By James Currie
We had love, at the East Room last night as Australian swamp rocker legends The Scientists rolled through town on their first ever U.S. tour. This is not only the first time the band has played the East Room/Chicago/States, but just about anywhere in the last 20 years (minus one off shows here or there). This show was one for the books.
This was a concert I thought I’d never see. It was a band I found out about from a friend in College years ago. He had a cut out bin cassette tape of “Weird Love”. We listened to it so much it was wearing out. I was always on the hunt for more from the band, and since this was pre Spotify / Amazon days, could never find anything. It got to the point we loved this tape so much, I decided to preserve it the best way I could and digitize it and make a CD from it. The band didn’t even have a CD. That got us through for years until we found more from the obscure indie Aussie band.
So now, here they were. The Scientists on tour in the States, with a stop in Chicago. I was a dream gig, but one that left several of us scratching our heads as to why they were playing this club, the East Room, none of us had ever heard of. This should have been a show at the Bottom Lounge or Metro, but hey, we’ll take what we can get. The other odd thing about this event was the time. It was scheduled for a 9PM start time on a Sunday night in the Fall. Nothing seemed to jive with this gig, but we all went.
When we got there, it was raining. Down pouring actually, so after finding parking, we darted in to the unfamiliar club. Once inside, we realized it was an uber hipster joint. And wow were people trying to out-hip themselves. Trucker hats or beanies falling off the head, jean jackets, mustaches and tattoos galore. Normally all OK in moderation, but wow, this must have been Chicago’s Mecca. I’m all for diversity and individuality, but this was all cookie cutters. Not what we were expecting for a band of this age but hey, fans of the Scientists are welcomed fans. We can all get along with a cold PBR just fine.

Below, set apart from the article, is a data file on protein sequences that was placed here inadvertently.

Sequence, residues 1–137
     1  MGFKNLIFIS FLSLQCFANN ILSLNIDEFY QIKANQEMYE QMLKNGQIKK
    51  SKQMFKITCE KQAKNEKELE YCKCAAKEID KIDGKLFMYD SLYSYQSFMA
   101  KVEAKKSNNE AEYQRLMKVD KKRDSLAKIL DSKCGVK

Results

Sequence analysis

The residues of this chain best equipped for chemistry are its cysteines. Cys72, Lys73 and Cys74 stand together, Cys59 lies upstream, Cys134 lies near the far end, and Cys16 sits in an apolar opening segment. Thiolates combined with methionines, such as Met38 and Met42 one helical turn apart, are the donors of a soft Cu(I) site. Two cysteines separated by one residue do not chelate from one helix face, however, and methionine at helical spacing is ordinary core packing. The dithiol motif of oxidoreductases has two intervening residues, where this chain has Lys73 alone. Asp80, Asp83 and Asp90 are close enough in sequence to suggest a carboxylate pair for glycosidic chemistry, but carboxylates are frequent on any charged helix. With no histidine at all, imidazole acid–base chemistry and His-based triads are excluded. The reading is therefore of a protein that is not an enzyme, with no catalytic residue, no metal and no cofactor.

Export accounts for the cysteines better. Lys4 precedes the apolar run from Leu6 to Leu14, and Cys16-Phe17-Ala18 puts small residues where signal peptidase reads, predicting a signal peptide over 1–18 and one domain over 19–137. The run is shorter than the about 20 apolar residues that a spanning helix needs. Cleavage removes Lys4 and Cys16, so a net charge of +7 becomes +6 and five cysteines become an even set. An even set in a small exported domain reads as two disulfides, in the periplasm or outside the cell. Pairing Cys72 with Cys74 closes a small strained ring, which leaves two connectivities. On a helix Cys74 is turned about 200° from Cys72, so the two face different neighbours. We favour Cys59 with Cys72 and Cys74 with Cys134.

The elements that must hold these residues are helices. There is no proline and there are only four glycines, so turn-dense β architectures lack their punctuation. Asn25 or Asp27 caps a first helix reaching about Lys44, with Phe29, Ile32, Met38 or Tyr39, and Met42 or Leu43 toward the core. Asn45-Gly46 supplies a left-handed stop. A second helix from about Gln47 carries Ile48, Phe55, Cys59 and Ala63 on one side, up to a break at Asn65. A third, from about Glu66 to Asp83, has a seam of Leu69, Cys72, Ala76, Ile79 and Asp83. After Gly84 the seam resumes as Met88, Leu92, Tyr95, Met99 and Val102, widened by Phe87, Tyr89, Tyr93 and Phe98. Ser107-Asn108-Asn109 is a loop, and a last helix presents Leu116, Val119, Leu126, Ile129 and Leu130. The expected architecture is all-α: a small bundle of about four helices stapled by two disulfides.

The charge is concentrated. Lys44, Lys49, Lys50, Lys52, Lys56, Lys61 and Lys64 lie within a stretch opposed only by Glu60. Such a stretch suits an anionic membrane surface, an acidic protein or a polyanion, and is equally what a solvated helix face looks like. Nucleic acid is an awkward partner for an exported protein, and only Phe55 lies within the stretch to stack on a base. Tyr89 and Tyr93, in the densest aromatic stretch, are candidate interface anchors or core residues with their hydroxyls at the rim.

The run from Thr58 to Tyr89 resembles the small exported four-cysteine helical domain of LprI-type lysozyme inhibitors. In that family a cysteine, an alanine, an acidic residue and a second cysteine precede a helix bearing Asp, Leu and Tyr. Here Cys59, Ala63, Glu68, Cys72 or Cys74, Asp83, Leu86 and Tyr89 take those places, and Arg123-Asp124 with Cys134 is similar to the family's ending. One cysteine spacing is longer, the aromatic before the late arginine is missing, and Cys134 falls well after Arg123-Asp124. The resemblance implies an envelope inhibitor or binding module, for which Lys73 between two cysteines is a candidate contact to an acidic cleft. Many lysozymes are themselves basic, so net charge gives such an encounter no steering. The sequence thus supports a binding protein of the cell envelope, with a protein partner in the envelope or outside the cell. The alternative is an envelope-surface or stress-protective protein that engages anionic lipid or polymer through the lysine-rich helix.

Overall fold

The night started with a few local bands. We couldn’t figure out where the stage was for sometime as it really wasn’t a stage but more a corner in someone’s living room. Random speakers throughout the upstairs nightclub produced sounds, but not clear as to were from. There was literally no stage lights. No stage monitors. No stage. It was the from corner of a very dark and small room that held about 100 people. The only light hitting the stage was a couple recess ceiling lights and an exit sign over the stage left door.
About midnight, The Scientists finally went on. They entered the room from a balcony stage door entrance that was dripping with water as it was still raining hard outside. Kim Salmon, Boris Sujdovic, Tony Thewlis and Leanne Chock all squeezed through the door and front crowd and got situated with their gear that was a mix of older amps and a rented (or house) drum kit. Thewlis amp was in pretty rough shape as the volume or tone knob was broken off and he had a pair of pliers laying on top of the amp to reach in and make adjustments. But once he was dialed in, look out! That place rocked!
Salmon, in a tan suit with bowtie, greeted the – right up and in his face audience – with a notebook filled with drawings, lyrics and song set lists. Then ripped into, “When Worlds Collide”. Sudjdovic stood in his corner with his puffy hair and low hanging bass churning out the backend. Chock beat the drums like a woman on a mission. All of them keeping cool with still managing to throw out a smile here and there proving they were having fun with it all.